Being on the same page as adoptive parents

Why you and your spouse need to use the same discipline methods

By Sandra Lundberg

It is very likely that your once-stable home and family has been turned upside down during the process of adoption. You long for things to be as they once were. You also long for the desire of your heart to be met in loving, nurturing and sacrificing for your new child and having her love you in return. I submit for your consideration that you will be able to experience love given and love returned much sooner if you and your spouse take steps together to work toward your child's healing.

Just as you pursued adoption together, it is very important that you both commit to nurturing and disciplining your child using the same methods. If you are divided about what techniques to use, your child (or children) will perceive a crack in the unity between Mom and Dad and will find a way to exploit it.

You may have noticed your child giving Mom a harder time than Dad. This is especially true if Mom is the one providing the majority of the child's care. When faced with this situation, parents may disagree about how the child behaves and what needs to be done about it. However, it is vital that Mom and Dad work through these feelings together and find common ground. Having a united front and reinforcing each other's decisions is essential in successfully nurturing and disciplining your children. Those who fail to do this will, along with their children, suffer negative consequences. The worst consequences are:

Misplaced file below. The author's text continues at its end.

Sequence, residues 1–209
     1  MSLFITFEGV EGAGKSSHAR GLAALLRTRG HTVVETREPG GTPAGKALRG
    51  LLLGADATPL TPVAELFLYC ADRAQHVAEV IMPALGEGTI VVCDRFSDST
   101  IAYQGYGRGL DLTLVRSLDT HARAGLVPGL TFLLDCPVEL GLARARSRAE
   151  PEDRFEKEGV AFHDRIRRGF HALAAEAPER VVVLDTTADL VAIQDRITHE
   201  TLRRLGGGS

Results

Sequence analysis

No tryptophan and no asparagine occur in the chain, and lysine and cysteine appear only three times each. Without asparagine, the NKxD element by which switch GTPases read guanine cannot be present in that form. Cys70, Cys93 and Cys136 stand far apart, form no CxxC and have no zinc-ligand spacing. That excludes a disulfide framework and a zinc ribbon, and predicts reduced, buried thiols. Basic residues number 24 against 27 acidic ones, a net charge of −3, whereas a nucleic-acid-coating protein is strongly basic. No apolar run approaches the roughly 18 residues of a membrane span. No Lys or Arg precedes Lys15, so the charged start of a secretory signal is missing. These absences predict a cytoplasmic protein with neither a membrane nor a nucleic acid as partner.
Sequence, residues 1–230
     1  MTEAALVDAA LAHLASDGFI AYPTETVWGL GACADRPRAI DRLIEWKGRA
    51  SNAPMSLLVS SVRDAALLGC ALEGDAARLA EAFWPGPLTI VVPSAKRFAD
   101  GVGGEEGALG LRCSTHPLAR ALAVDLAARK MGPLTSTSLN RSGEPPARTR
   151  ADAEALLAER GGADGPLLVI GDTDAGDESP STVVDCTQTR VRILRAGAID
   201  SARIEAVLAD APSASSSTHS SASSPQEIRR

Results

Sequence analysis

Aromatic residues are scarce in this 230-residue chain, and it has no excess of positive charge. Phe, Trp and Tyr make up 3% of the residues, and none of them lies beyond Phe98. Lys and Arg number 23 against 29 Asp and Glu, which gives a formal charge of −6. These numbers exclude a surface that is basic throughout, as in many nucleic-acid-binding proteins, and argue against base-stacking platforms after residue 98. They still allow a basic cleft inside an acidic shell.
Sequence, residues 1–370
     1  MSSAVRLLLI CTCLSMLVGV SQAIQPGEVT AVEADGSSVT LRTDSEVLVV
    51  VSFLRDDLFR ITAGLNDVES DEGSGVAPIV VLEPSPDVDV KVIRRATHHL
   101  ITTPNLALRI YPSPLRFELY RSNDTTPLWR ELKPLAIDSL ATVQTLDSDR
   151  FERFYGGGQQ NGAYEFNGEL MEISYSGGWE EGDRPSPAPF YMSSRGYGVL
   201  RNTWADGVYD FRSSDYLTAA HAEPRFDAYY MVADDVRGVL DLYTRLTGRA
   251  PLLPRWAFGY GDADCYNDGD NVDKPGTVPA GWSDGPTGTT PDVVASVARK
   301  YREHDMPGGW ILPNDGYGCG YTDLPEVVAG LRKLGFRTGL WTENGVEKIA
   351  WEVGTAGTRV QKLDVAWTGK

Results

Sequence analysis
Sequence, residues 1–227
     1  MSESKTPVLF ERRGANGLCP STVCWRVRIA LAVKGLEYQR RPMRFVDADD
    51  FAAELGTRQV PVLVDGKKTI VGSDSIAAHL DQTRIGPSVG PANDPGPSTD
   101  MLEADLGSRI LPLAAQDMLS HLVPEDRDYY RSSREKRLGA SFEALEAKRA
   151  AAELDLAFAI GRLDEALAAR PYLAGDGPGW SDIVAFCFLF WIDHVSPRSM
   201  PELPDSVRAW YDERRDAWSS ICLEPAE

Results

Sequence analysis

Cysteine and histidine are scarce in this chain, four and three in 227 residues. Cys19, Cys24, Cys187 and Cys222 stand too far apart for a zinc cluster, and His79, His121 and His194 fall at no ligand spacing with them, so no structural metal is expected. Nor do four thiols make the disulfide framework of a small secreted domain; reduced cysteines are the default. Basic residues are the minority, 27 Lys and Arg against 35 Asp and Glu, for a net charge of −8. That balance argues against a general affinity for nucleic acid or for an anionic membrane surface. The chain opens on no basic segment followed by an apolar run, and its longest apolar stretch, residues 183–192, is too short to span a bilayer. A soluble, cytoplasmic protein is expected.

1. sacrificing the primacy of the marriage and 
  2. delaying the child's progress to healing.

God has blessed you with this child through adoption. Now you must work together to bless this child by being the parents he so desperately needs.

A final thought

As you seek to discipline your adopted child in creative ways, keep in mind that the goal is rarely to win this particular battle (though that may be important at certain times). Instead, the ultimate objective is to help your child grow in wisdom and stature, and in favour with God and men (Luke 2:52).

Never forget that when the Bible addresses the responsibility that parents have to discipline their children, "nurture" comes before "the admonition of the Lord" (Ephesians 6:4 KJV). Disciplining with your child's heart needs in mind will bring him or her to a place of wholeness where he or she can truly obey you – and God – from a healthy heart, soul and mind.

First article in series: Disciplining adopted children